Superscalar Pipeline Time If that weren’t bad enough, for more performance we now make parallel (or wide) issue to use more function units in a cycle. Even with sophisticated techniques like out-of-order (or dynamic) issue, and sophisticated branch prediction, this leads to more waste, since there aren’t always enough instructions to issue in a cycle. Peak sustainable execution rate – = 4, a wide variety of studies have shown this function unit unitization to be under 50%, and getting worse as machines continue to get wider. Note I’m not saying that its bad to keep on this trajectory, because continuing to make the machine wider is still providing an absolute single stream performance benefit. Furthermore the key point is not keeping FUs busy, because they really aren’t that expensive, but because they represent more work getting done. So what can we do…. Higher performance than scalar, but lower utilization

124 Chip Multiprocessing (CMP)
Time Another approach is to get more efficiency by using two smaller CPUs. But this sacrifices single stream performance. And Amdahl’s law tells us that sometimes you have parallelism and sometimes you don’t so one can’t always use multiple streams. This just means you still will see reduced function unit utilization. Limited utilization when running one thread

125 Coarse-Grained Multithreading
Time Hardware Context Switch Another approach is to get more efficiency by using two smaller CPUs. But this sacrifices single stream performance. And Amdahl’s law tells us that sometimes you have parallelism and sometimes you don’t so one can’t always use multiple streams. This just means you still will see reduced function unit utilization. Only good for long latency ops (i.e., cache misses)

126 Fine-Grained Multithreading
Time Saturated workload -> Lots of threads Unsaturated workload -> Lots of stalls Classic answer to problem of dependencies is to take instructions from multiple threads. Still leaves a lot of wasted slots. Some varients of this style of multthreading result in a design where where every thread goes much slower. I actually worked on this style of multithreading for my Ph.D ages ago, but had abandoned the idea until now. Intra-thread dependencies still limit performance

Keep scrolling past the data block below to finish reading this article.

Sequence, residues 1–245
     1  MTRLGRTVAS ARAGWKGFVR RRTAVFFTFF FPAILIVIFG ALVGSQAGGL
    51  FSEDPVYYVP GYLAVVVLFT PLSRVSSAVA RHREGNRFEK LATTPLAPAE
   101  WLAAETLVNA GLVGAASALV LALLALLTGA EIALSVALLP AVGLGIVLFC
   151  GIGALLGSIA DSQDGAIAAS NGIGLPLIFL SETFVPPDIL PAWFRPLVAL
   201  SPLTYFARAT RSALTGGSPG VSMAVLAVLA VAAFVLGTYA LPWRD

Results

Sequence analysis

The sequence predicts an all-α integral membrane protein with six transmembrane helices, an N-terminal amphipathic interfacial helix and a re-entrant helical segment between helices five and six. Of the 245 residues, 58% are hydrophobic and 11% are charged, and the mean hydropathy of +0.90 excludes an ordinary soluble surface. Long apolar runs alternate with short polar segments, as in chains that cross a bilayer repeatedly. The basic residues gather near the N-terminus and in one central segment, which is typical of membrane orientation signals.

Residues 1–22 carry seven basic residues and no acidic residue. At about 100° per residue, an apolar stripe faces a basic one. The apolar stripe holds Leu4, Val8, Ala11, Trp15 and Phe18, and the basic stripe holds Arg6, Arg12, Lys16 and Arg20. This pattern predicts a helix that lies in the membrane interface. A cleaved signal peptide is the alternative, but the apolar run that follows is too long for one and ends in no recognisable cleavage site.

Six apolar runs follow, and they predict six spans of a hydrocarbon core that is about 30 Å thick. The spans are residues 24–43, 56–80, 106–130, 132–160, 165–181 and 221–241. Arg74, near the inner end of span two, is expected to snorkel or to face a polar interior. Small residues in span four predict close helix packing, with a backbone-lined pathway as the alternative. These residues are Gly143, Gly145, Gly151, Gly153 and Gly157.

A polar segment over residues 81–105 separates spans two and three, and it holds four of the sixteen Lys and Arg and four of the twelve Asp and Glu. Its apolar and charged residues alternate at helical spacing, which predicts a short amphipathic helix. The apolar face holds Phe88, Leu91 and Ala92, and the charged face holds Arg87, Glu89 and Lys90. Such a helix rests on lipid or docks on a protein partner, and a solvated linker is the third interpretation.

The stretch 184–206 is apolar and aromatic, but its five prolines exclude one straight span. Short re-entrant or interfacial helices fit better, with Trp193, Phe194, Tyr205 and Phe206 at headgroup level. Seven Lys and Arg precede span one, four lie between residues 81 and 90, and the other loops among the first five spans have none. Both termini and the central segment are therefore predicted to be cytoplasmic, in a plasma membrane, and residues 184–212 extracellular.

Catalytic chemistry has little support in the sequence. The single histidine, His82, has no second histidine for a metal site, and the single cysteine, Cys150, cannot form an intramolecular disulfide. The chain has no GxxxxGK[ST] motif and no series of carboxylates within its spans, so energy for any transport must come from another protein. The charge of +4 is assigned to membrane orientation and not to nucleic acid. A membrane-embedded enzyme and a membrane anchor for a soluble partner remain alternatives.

127 Simultaneous Multithreading
Time What changed my mind was the work by Dean Tullsen at U. Washington who addressed waste issue, by proposing simultaneous multithreading. What he suggested was simply using any available slot for any available thread. But his work was somewhat incomplete, so we then collaborated to work on achieving the goal of uncompromsed single stream performance - and multithreading... Max utilization of functional units

128 Paired vs. Separate Processor/Memory?
Separate CPU/memory Uniform memory access (UMA) Equal latency to memory Low peak performance Paired CPU/memory Non-uniform memory access (NUMA) Faster local memory Data placement matters High peak performance CPU($) CPU($) CPU($) CPU($) CPU($) CPU($) CPU($) CPU($) Mem R Mem R Mem R Mem R Mem Mem Mem Mem

129 Issues for Shared Memory Systems
Two big ones Cache coherence Memory consistency model Closely related Often confused

130 Cache Coherence: The Problem
Variable A initially has value 0 P1 stores value 1 into A P2 loads A from memory and sees old value 0 P1 P2 t1: Store A=1 t2: Load A? A: 0 A: 0 1 L1 A: 0 L1 Bus A: 0 Main Memory Need to do something to keep P2’s cache coherent

131 Simple MSI Protocol Usable coherence protocol Cache Actions:
Load / BusRd BusRd / [BusReply] Invalid Shared Load / -- BusRdX, BusInv / [BusReply] Evict / -- Store / BusRdX BusRd / BusReply BusRdX / BusReply Evict / BusWB Cache Actions: Load, Store, Evict Bus Actions: BusRd, BusRdX BusInv, BusWB, BusReply Store / BusInv Modified Load, Store / -- Usable coherence protocol 9

132 Coherence vs. Consistency
Coherence concerns only one memory location Consistency concerns ordering for all locations A Memory System is Coherent if Can serialize all operations to that location Operations performed by any core appear in program order Read returns value written by last store to that location A Memory System is Consistent if It follows the rules of its Memory Model Operations on memory locations appear in some defined order 3

133 Sequential Consistency (SC)
processors issue memory ops in program order P3 P1 P2 switch randomly set after each memory op Memory Defines Single Sequential Order Among All Ops. 5

134 Mutex Example w/ Store Buffer
Shared Bus P1 Read B t1 t3 P2 Read A t2 t4 A: 0 B: 0 Write A Write B P P2 lockA: A = 1; lockB: B=1; if (B != 0) if (A != 0) { A = 0; goto lockA; } { B = 0; goto lockB; } /* critical section*/ /* critical section*/ A = 0; B = 0; Does not work

135 Relaxed Consistency Models
The University of Adelaide, School of Computer Science 1 April 2017 Relaxed Consistency Models Sequential Consistency (SC): R → W, R → R, W → R, W → W Total Store Ordering (TSO) relaxes W → R R → W, R → R, W → W Partial Store Ordering relaxes W → W (coalescing WB) R → W, R → R Weak Ordering or Release Consistency (RC) All ordering explicitly declared Use fences to define boundaries Use acquire and release to force flushing of values X → Y X must complete before Y Chapter 2 — Instructions: Language of the Computer

136 Good Luck!